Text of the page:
Sun Kissed
The story of a Navajo family with two children with the very rare genetic condition called XP. Characterised by skin that burns very, very easily in sunlight, often before diagnosis, and then by the rapid and pervasive neurological degeneration. At the point of the movie, their son had recently passed away, and their daughter was profoundly disabled, requiring peg feeding, and with very limited independent movement.

Initially they thought that they were the only ones experiencing this trial, and the medicine man had told them that their children were like this because when he was young he tortured ants. They had also been told that having children with someone from the same clan would result in children with medical issues, such as their children. But soon, she found other families in the Reservation with children with the same condition, and they started piecing some information together. None of the families she found were parents of the same clan. Some of them, too, had been told that their acts of harming animals when they were kids were the reason for their children having this condition. The impact of religion and cultural beliefs was strong, and the stories carried.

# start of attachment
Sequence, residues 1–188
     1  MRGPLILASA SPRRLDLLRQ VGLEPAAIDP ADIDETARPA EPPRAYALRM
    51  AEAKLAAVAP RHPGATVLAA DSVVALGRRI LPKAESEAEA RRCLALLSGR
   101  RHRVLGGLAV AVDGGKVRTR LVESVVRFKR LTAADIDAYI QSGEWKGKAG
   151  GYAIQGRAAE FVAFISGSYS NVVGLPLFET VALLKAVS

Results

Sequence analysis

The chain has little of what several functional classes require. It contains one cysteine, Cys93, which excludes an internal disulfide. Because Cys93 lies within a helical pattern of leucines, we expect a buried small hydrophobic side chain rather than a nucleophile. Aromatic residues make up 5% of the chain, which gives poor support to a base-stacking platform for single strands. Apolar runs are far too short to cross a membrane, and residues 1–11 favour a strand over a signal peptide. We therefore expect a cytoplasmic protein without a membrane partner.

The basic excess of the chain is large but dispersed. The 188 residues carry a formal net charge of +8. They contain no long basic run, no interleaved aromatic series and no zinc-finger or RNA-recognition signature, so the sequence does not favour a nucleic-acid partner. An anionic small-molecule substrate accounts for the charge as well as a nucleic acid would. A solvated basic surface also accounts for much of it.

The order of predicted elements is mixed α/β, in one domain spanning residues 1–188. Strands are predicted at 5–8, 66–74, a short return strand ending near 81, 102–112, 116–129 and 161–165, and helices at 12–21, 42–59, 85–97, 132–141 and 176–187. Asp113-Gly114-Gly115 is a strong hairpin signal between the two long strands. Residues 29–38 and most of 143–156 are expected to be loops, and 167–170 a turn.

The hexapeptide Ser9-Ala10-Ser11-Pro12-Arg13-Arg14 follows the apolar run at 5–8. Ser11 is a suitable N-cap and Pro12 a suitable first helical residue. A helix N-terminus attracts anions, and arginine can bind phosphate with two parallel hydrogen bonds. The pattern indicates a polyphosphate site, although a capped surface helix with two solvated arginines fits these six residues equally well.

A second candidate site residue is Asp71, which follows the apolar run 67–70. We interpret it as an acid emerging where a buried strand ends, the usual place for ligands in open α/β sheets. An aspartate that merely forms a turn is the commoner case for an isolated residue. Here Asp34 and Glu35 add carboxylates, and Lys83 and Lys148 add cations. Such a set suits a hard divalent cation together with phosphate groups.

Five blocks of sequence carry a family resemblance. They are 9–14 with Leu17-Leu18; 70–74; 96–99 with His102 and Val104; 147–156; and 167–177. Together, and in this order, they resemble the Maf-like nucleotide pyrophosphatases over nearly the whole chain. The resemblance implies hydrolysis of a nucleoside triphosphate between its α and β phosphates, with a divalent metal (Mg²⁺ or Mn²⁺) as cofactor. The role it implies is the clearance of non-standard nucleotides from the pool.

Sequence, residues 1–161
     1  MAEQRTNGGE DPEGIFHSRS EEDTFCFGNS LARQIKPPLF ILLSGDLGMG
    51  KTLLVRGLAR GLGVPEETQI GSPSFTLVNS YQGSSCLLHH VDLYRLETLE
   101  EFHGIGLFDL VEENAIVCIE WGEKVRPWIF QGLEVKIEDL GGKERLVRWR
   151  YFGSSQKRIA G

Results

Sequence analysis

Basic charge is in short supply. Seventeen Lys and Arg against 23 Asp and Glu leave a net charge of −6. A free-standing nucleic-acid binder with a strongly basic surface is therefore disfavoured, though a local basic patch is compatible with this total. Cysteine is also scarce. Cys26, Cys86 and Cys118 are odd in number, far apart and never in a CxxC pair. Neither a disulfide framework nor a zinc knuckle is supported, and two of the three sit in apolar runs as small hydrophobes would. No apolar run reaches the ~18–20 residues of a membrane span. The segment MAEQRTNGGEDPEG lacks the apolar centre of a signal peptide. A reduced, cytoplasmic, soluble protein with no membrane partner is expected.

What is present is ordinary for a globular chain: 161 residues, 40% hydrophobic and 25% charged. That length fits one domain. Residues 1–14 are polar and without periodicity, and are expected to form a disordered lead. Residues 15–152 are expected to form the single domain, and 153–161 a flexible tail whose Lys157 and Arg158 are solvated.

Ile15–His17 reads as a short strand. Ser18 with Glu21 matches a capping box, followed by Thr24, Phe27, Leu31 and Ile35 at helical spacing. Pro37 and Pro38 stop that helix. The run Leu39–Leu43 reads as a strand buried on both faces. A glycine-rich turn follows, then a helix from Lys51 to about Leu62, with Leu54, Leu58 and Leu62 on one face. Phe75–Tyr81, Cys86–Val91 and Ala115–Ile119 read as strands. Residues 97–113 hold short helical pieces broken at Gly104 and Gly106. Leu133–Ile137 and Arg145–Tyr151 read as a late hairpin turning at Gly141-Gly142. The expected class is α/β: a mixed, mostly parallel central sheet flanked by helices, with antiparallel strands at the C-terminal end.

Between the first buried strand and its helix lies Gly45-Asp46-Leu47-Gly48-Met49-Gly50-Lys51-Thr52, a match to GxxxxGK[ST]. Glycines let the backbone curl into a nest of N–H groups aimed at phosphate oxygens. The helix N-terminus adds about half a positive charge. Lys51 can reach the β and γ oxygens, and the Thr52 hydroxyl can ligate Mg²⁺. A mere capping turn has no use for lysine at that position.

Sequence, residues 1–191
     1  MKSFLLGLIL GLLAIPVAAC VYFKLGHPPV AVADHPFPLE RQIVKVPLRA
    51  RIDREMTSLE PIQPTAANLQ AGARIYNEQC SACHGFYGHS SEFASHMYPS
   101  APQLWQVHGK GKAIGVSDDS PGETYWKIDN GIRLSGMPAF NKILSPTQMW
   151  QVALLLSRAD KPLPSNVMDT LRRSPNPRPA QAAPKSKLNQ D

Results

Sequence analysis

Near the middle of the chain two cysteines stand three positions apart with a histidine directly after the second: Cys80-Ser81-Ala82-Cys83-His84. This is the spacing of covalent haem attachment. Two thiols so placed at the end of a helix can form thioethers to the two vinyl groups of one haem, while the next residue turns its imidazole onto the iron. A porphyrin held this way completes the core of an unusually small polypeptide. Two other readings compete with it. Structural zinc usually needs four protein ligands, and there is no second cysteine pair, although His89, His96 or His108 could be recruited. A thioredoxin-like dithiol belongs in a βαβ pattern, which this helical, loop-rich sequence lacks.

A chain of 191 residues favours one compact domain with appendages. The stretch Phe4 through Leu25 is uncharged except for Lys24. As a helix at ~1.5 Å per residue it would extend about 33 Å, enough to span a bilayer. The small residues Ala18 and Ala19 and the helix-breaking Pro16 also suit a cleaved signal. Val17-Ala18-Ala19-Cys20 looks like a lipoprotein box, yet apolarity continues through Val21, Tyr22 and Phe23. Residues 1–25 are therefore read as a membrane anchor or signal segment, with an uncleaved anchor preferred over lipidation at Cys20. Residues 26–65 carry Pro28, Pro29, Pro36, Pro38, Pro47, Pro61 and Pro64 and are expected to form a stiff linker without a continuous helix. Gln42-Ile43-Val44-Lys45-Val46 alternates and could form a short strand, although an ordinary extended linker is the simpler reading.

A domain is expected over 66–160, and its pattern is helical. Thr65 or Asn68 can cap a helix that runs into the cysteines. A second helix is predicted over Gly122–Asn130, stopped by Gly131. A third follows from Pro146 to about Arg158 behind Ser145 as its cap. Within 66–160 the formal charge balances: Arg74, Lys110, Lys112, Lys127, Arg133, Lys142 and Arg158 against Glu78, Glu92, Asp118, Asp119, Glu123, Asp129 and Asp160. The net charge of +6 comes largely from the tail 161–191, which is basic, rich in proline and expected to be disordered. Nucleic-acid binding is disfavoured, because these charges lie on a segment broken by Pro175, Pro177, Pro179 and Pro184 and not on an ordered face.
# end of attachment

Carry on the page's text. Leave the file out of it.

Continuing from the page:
XP is a condition with an incidence of 1 in a million; but here in this region, it was presenting in 1 in 30,000. A significant biological situation.

They manage to speak with a Geneticist and a Historian, and start to hear a connection between this elevated prevalence of this rare genetic disorder to the Long Walk. Essentially, in the late 1800s US military rounded up the Native Americans and kept them within a small geographical area, and initially confining them to a concentration camp of sorts. From here, their population diminished due to the conditions to 5000 people, and it is thought that this mixed clans, and in turn, through the conditions and deaths and pool of Native Americans in one place, confined the gene pool.

This clustering of the Native American clans has meant that the recessive genes are meeting in a match more often, and manifesting in such a rare disorder in this generation of children. Fascinating that it has taken this long to present itself, frightening that there is a sudden surge of incidences of this condition.